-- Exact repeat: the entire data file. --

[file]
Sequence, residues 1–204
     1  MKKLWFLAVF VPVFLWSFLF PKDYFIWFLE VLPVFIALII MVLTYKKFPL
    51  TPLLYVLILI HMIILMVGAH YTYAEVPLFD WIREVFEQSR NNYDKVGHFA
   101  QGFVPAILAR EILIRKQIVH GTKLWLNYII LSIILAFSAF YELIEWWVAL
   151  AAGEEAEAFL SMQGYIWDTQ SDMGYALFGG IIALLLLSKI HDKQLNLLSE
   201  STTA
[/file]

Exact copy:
Sequence, residues 1–204
     1  MKKLWFLAVF VPVFLWSFLF PKDYFIWFLE VLPVFIALII MVLTYKKFPL
    51  TPLLYVLILI HMIILMVGAH YTYAEVPLFD WIREVFEQSR NNYDKVGHFA
   101  QGFVPAILAR EILIRKQIVH GTKLWLNYII LSIILAFSAF YELIEWWVAL
   151  AAGEEAEAFL SMQGYIWDTQ SDMGYALFGG IIALLLLSKI HDKQLNLLSE
   201  STTA